It fixed her beautifully, because she could not announce herself as cured, since that would have put an end to the locked bedroom arrangements. And, by the time she was sick of Jimmy—which happened in the year 1903—she had taken on Edward Ashburnham. Yes, it was a bad fix for her, because Edward could have taken her to Fordingbridge, and, though he could not give her Branshaw Manor, that home of her ancestors being settled on his wife, she could at least have pretty considerably queened it there or thereabouts, what with our money and the support of the Ashburnhams. Her uncle, as soon as he considered that she had really settled down with me—and I sent him only the most glowing accounts of her virtue and constancy—made over to her a very considerable part of his fortune for which he had no use. I suppose that we had, between us, fifteen thousand a year in English money, though I never quite knew how much of hers went to Jimmy. At any rate, we could have shone in Fordingbridge. I never quite knew, either, how she and Edward got rid of Jimmy. I fancy that fat and disreputable raven must have had his six golden front teeth knocked down his throat by Edward one morning whilst I had gone out to buy some flowers in the Rue de la Paix, leaving Florence and the flat in charge of those two. And serve him very right, is all that I can say. He was a bad sort of blackmailer; I hope Florence does not have his company in the next world.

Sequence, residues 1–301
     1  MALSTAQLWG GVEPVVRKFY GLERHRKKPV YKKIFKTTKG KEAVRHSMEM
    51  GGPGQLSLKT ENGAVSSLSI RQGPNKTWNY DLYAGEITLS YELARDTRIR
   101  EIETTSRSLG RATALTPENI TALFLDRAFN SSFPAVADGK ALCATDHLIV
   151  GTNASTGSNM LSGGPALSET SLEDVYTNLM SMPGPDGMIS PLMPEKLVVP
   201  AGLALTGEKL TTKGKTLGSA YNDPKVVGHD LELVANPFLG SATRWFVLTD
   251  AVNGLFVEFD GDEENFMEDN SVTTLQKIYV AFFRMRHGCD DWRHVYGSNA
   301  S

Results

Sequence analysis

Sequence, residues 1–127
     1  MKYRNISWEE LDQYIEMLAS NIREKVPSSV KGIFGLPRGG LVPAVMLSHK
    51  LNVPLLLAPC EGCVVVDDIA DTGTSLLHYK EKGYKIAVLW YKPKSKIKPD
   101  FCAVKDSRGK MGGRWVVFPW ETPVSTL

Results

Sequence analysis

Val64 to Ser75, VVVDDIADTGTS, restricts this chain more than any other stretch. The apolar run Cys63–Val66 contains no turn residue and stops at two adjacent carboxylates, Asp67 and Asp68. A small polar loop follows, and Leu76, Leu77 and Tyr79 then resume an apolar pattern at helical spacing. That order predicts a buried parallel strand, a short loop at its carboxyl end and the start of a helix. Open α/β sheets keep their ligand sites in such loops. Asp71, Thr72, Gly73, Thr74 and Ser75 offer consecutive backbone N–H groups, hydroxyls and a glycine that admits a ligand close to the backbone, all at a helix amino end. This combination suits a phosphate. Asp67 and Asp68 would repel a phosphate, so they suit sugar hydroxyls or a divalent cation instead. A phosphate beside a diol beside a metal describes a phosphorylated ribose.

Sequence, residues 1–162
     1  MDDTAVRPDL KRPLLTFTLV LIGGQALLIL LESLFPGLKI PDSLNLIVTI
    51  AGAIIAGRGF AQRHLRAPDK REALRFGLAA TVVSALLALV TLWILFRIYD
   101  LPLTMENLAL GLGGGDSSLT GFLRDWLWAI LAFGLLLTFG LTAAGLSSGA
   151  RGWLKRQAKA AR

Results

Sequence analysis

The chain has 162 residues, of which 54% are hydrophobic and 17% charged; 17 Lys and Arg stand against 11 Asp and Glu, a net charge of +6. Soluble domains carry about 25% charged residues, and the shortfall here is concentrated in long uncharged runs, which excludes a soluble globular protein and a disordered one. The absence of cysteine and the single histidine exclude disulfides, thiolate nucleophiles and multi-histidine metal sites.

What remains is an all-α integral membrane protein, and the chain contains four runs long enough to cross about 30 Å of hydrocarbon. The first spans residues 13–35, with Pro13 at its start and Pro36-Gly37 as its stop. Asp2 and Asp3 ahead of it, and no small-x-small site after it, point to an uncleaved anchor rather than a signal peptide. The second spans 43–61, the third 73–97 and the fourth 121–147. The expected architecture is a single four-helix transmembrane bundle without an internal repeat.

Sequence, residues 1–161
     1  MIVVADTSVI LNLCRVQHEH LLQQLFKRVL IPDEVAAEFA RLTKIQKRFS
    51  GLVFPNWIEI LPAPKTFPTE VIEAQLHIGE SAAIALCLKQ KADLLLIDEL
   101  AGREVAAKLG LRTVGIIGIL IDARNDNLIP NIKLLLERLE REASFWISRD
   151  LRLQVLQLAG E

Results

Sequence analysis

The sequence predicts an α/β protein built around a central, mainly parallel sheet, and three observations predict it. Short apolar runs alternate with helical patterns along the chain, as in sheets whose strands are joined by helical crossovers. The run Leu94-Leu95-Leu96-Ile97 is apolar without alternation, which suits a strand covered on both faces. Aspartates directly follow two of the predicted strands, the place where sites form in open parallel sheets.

As God is my Judge, I do not believe that I would have separated those two if I had known that they really and passionately loved each other. I do not know where the public morality of the case comes in, and, of course, no man really knows what he would have done in any given case. But I truly believe that I would have united them, observing ways and means as decent as I could. I believe that I should have given them money to live upon and that I should have consoled myself somehow. At that date I might have found some young thing, like Maisie Maidan, or the poor girl, and I might have had some peace. For peace I never had with Florence, and hardly believe that I cared for her in the way of love after a year or two of it. She became for me a rare and fragile object, something burdensome, but very frail. Why it was as if I had been given a thin-shelled pullet's egg to carry on my palm from Equatorial Africa to Hoboken. Yes, she became for me, as it were, the subject of a bet—the trophy of an athlete's achievement, a parsley crown that is the symbol of his chastity, his soberness, his abstentions, and of his inflexible will. Of intrinsic value as a wife, I think she had none at all for me. I fancy I was not even proud of the way she dressed.